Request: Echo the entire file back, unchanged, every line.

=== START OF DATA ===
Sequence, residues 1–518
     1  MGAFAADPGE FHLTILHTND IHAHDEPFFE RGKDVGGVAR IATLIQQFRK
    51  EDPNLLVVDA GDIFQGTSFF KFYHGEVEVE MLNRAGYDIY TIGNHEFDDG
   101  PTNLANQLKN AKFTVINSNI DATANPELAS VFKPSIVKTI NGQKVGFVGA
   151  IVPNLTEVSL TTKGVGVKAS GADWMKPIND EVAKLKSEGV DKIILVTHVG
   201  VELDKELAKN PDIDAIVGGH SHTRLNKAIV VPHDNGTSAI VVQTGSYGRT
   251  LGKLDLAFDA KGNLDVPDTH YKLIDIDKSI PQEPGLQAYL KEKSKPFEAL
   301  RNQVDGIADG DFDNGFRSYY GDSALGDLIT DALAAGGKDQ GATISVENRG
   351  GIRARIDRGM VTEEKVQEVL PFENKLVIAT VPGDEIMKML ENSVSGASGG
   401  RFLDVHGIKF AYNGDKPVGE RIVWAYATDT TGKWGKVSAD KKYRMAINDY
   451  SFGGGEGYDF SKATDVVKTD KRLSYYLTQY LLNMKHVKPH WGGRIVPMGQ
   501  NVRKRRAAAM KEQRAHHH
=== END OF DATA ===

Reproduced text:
Sequence, residues 1–518
     1  MGAFAADPGE FHLTILHTND IHAHDEPFFE RGKDVGGVAR IATLIQQFRK
    51  EDPNLLVVDA GDIFQGTSFF KFYHGEVEVE MLNRAGYDIY TIGNHEFDDG
   101  PTNLANQLKN AKFTVINSNI DATANPELAS VFKPSIVKTI NGQKVGFVGA
   151  IVPNLTEVSL TTKGVGVKAS GADWMKPIND EVAKLKSEGV DKIILVTHVG
   201  VELDKELAKN PDIDAIVGGH SHTRLNKAIV VPHDNGTSAI VVQTGSYGRT
   251  LGKLDLAFDA KGNLDVPDTH YKLIDIDKSI PQEPGLQAYL KEKSKPFEAL
   301  RNQVDGIADG DFDNGFRSYY GDSALGDLIT DALAAGGKDQ GATISVENRG
   351  GIRARIDRGM VTEEKVQEVL PFENKLVIAT VPGDEIMKML ENSVSGASGG
   401  RFLDVHGIKF AYNGDKPVGE RIVWAYATDT TGKWGKVSAD KKYRMAINDY
   451  SFGGGEGYDF SKATDVVKTD KRLSYYLTQY LLNMKHVKPH WGGRIVPMGQ
   501  NVRKRRAAAM KEQRAHHH